Saturday, Sep 09, 2006
In the absence of a government-launched Manhattan Project to ignite the alternative fuel revolution, the public must turn not just to the White House or the state house but also to the largest fleet owners in the country.
Carmakers such as Honda, BMW and Toyota are waiting for only one thing before they redirect their considerable resources away from gasoline cars and toward hydrogen, electric, natural gas (CNG) or other alternatively fueled vehicles. Those companies want tangible demand. Fleets -- governmental, commercial and private -- have a compelling volume purchasing power no automaker can ignore.
Use hybrid diesel, natural gas
For-hire carriers in 2004 operated 675,000 trucks; the top 10 include such companies as UPS, Federal Express and Yellow Roadway. UPS alone deploys some 80,000 brown trucks daily as it makes 13 million deliveries every 24 hours. Only about 1,000 of UPS's massive fleet run on compressed natural gas today. Within Federal Express's 70,000-vehicle fleet, the company operates 30,000 medium-duty trucks, of which less than 100 use hybrid diesel.
Some six million additional vehicles are owned by private commercial fleets such as SysCo, Wal-Mart, Halliburton and Frito-Lay. Wal-Mart alone operates 3,300 trucks that in 2005 drove 455 million miles to make 900,000 deliveries. Verizon operated 70,000 trucks and cars in 2004. Waste Management Inc. operated about 28,000 vehicles in 2004. Krispy Kreme Donuts deployed 750 vehicles in 2004. City, state and federal agencies, as well as universities, represent just a fraction of America's 38,000 private fleets.
Today, alternative fuel vehicles are ready -- or fast becoming ready -- to roll out en masse. If fleet managers adopted a Green Fleet Initiative, that is a hierarchy of purchasing that mandates hydrogen cars first, fully electric cars second and CNG cars third, the race would be on among all truck and heavy-duty vehicle manufacturers from GM to Mercedes to be the first to fulfill those orders. Volume purchasing would multiply and accelerate the technology, bring down costs and move such vehicles swiftly from commercial fleets to average consumers.
With whom to do business?
Therefore, the public and environmentally conscious companies can choose to ship green, shop green, drink green and even communicate green. For example, in choosing an overnight shipper will it be Federal Express or UPS? In buying soda, will it be Coca Cola or Pepsi?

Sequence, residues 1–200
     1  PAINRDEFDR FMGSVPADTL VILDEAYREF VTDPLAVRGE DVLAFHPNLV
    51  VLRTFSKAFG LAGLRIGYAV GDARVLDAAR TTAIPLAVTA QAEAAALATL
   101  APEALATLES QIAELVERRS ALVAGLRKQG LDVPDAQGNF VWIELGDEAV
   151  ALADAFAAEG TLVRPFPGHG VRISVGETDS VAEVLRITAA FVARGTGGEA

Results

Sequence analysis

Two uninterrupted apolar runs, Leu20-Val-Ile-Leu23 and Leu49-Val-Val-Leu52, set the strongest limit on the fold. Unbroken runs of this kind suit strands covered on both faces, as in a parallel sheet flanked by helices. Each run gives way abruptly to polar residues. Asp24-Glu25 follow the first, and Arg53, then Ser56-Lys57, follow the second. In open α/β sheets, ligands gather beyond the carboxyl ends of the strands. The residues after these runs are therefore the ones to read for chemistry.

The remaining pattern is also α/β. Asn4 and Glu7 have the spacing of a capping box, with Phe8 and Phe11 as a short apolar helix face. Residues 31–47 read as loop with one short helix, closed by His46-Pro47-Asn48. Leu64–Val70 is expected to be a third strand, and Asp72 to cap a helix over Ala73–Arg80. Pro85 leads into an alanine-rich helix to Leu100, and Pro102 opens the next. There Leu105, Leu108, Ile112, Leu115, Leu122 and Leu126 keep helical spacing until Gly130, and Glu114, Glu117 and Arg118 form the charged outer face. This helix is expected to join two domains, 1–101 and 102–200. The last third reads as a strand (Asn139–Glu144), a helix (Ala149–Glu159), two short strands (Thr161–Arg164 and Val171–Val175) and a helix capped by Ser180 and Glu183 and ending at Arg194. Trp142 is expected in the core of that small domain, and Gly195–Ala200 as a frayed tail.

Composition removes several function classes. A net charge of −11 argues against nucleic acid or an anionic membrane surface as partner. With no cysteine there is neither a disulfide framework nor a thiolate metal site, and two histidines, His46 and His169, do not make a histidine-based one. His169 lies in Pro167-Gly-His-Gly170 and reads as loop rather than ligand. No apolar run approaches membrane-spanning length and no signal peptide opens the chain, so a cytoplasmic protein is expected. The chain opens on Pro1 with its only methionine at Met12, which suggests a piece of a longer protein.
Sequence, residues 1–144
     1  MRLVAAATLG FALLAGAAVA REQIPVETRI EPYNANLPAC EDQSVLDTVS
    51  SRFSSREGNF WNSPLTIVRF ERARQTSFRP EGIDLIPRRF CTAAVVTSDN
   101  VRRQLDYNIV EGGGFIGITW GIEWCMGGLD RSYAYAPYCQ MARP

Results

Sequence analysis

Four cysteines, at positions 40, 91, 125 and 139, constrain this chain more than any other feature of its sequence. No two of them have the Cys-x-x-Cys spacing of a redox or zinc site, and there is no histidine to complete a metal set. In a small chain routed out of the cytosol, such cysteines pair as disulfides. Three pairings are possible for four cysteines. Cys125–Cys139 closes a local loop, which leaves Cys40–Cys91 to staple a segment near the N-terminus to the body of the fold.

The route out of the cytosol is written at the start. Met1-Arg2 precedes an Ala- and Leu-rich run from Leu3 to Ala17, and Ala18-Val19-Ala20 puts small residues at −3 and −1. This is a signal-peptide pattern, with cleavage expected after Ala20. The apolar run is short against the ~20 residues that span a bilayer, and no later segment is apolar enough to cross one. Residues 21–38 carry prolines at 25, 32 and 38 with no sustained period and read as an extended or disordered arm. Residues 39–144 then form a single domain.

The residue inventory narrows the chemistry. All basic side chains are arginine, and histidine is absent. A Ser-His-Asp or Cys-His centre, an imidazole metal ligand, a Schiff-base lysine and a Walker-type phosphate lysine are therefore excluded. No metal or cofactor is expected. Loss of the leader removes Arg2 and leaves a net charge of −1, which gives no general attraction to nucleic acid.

Corporate policies -- such as nondiscrimination, labor fairness, environmental responsibility and other conduct -- are already determining factors for many in choosing where to place their business. Therefore, there is more power in one petition to UPS and Federal Express than to all the members of Congress combined.
Ironically, the federal government itself maintains America's single largest fleet by far -- some 600,000 vehicles. Environmental groups have consistently sued the federal government to compel it follow its own alternative fuel guidelines. The Energy Policy Act, passed after the first Gulf War, mandates all federal agencies to reduce oil dependence by ensuring that some 75 percent of new vehicle purchases use alternative fuels. The law has been totally ignored. A steady cascade of court rulings has rejected government requests for delays. Government purchases alone could spur the rapid adoption of any category of alternative fuel vehicle -- hydrogen or otherwise.
A precious legacy
Governments and regimes since the time of the timber-hoarding pharaohs have declined to embrace a public policy that exercises sane stewardship over energy and those who control it. Many believe the notion that man inherits the Earth. Not so. He only holds it as a precious legacy for succeeding generations. That inheritance must not be squandered or reduced to rubble because of war, industrial epidemic or ecocidal damage arising from the intoxicating fumes of internal combustion.
Edwin Black is author of Internal Combustion: How Corporations and Governments Addicted the World to Oil and Derailed the Alternatives. He launches his 50-city book tour September 12 at Nova Southeastern University.